As a bridge between humans and computers, the use of natural language processing in compliance demonstrates how this branch of AI is adding value across the financial services industry. Natural language processing (NLP) falls under the wider umbrella of artificial intelligence (AI) and essentially uses algorithms to help computers understand the everyday language of humans -- both spoken and written. As such, NLP is a fundamental bridge enabling interaction between computers and humans, and allowing machines to understand commands and input from humans in a seamless and streamlined manner. Once a machine can understand a human's everyday means of communication, the potential to add value becomes almost limitless. The Thomson Reuters Center for Cognitive Computing is constantly researching ways to perfect and advance different areas of AI, including machine perception, reasoning, knowledge management, and human-computer interfaces.
Machine learning and artificial intelligence have become buzzwords in the financial services industry. Daniel Fernandez helps to break down the difference between the two terms and explains how these technologies are being used by compliance departments today. By delving into how these technologies work, Daniel sheds light on the issues they can help to solve, the challenges facing their increased adoption and what financial institutions should be doing right now to take advantage. Like many industry buzzwords, artificial intelligence (AI) has become a hot topic that RegTech technologists often write or speak about. But the reality is this: AI has become an overloaded and misused term, often mistaken for machine learning (ML).
Up until recently, compliance has mainly relied on people. And as a result of the significant increase in regulatory reporting requirements for financial institutions over the last decade, demand for compliance professionals has surged. Companies have had no choice but to hire more and more compliance staff, in an effort to tackle the growing regulatory burden. However, over the last few years, technology has begun to play a much larger role within compliance. Financial institutions and regulators have realised that by harnessing the power of technology, and more specifically, the power of artificial intelligence (AI) and machine learning (ML), a considerable proportion of the compliance function can actually be automated, reducing the burden on institutions and compliance professionals.
Like many industry buzzwords, Artificial Intelligence (AI) has become a hot topic that RegTech technologists often write or speak about. But the reality is – AI has become an overloaded and misused term, often mistaken for Machine Learning (ML). This blog aims to clarify the difference between the two, explain some of the complexities of implementing these solutions today, and highlight how ML can immediately add value in financial compliance applications. In simple terms, Artificial Intelligence enables computer systems to perform tasks that require human intelligence. Intelligence is the key word.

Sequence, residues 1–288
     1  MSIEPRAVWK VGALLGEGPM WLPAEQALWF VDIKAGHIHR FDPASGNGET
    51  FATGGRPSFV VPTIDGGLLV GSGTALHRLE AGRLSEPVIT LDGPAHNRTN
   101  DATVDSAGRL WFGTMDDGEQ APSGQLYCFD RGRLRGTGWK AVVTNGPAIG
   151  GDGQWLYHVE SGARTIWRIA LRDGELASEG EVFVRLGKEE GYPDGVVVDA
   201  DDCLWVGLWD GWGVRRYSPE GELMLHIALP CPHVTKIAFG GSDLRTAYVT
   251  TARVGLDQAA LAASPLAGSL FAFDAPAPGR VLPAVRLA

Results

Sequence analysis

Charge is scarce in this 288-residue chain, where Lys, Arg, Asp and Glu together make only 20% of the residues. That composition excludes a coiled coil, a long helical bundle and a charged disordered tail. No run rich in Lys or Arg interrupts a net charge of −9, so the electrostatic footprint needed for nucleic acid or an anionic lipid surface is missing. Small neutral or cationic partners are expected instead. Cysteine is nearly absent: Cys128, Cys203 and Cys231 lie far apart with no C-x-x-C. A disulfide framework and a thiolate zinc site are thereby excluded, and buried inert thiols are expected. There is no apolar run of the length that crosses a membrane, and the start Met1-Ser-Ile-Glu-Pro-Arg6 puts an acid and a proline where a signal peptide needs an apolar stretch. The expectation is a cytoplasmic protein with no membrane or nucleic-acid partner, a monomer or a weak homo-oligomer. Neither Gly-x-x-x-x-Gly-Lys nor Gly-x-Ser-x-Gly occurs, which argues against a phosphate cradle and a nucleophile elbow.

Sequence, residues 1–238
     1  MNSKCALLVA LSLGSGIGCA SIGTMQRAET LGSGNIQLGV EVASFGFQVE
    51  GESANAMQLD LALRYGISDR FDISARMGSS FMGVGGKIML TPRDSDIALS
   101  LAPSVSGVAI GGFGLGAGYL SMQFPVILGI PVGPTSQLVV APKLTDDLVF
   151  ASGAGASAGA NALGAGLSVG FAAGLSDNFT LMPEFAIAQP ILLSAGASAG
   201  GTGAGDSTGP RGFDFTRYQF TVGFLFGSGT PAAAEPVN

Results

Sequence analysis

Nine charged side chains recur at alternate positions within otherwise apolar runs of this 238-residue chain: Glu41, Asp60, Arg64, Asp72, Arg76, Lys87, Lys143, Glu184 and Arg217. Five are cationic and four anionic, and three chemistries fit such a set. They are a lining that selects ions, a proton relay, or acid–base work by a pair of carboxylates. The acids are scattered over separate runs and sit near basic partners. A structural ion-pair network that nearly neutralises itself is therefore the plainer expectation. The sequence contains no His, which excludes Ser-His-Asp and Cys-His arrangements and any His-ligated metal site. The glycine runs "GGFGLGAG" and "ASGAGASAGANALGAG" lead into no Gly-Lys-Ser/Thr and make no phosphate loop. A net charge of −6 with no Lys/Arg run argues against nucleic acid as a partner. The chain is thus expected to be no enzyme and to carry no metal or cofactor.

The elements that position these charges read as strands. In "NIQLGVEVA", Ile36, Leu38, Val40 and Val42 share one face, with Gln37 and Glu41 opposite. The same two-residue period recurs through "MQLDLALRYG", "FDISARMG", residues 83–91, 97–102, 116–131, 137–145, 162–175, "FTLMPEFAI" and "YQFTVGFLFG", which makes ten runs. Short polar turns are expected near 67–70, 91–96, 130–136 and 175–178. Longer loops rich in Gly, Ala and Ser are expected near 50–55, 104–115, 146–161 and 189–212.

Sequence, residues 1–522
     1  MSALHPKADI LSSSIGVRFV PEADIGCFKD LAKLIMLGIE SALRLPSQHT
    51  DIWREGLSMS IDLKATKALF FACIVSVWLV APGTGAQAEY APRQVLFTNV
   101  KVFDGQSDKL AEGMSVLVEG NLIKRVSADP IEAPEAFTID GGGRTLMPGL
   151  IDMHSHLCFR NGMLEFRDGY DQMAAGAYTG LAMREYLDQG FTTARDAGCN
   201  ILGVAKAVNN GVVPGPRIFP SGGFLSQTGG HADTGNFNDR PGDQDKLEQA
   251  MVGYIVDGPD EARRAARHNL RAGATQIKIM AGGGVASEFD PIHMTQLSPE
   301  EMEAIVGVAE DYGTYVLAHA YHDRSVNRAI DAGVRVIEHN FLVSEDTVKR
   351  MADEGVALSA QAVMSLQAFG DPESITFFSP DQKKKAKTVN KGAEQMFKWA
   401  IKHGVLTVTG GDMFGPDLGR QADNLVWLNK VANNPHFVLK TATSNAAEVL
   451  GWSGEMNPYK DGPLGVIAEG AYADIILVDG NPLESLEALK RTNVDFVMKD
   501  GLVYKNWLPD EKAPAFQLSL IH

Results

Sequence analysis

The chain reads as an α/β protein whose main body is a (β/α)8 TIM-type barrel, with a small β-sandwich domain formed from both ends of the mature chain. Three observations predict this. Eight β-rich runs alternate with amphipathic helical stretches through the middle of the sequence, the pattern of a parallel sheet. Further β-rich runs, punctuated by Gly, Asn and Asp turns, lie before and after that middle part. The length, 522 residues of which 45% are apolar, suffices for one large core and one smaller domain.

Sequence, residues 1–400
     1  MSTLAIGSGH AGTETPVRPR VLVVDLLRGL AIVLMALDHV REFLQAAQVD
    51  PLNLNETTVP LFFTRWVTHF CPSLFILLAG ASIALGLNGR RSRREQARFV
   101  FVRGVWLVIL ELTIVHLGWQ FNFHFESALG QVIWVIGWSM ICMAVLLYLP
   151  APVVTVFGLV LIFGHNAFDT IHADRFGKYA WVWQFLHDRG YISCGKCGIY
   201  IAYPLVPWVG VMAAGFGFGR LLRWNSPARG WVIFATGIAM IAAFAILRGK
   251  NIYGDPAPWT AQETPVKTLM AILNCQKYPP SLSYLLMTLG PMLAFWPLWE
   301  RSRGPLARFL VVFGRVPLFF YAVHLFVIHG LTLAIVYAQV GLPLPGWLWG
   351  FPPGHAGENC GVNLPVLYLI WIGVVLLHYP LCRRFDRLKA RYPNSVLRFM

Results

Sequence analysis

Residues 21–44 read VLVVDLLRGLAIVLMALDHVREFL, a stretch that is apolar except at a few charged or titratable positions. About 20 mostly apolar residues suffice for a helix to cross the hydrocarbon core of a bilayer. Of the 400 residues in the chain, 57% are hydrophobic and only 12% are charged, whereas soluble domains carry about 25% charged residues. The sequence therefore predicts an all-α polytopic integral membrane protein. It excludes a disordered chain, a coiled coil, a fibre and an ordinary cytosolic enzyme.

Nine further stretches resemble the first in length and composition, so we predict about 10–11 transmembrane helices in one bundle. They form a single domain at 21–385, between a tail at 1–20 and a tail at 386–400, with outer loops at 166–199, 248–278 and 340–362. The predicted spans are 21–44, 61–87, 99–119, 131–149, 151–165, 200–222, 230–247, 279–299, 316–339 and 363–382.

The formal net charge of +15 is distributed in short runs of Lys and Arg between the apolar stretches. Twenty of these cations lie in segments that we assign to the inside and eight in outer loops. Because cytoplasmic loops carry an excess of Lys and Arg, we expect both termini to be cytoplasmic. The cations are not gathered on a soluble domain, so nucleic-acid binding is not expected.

Artificial Intelligence (AI), long the subject of science fiction, is now becoming more and more widespread and is seen as an increasingly important computer science across multiple industries.In Financial Services in particular, Machine Learning and Natural Language Processing is increasingly used today to make sense of big, complex data in a wide range of areas. One such area is regulatory compliance.The use of AI -- particularly Natural Language Understanding (NLU), a subset of Natural Language Processing –can help firms to realise a number of benefits, including improving the speed and efficiency with which they achieve compliance, and making that compliance much more robust. As we've seen over just the last couple of years with the introduction of MiFIDI & II, UCITS, AIFMD and the like, there is a constant stream of documents being issued by regulators, which can each run to hundreds, or even thousands, of pages. Wading through those documents and trying to pick out the pieces that are important so that appropriate rules can be built, code can be written and reporting systems can be automated (for example), is an onerous task for human beings. In order to achieve compliance, many regulated firms take the approach of partnering up with third party consulting firms, paying large sums to them to help interpret the regulations employing people to write up what everything means from a rules perspective, then attempting to code those rules into their systems.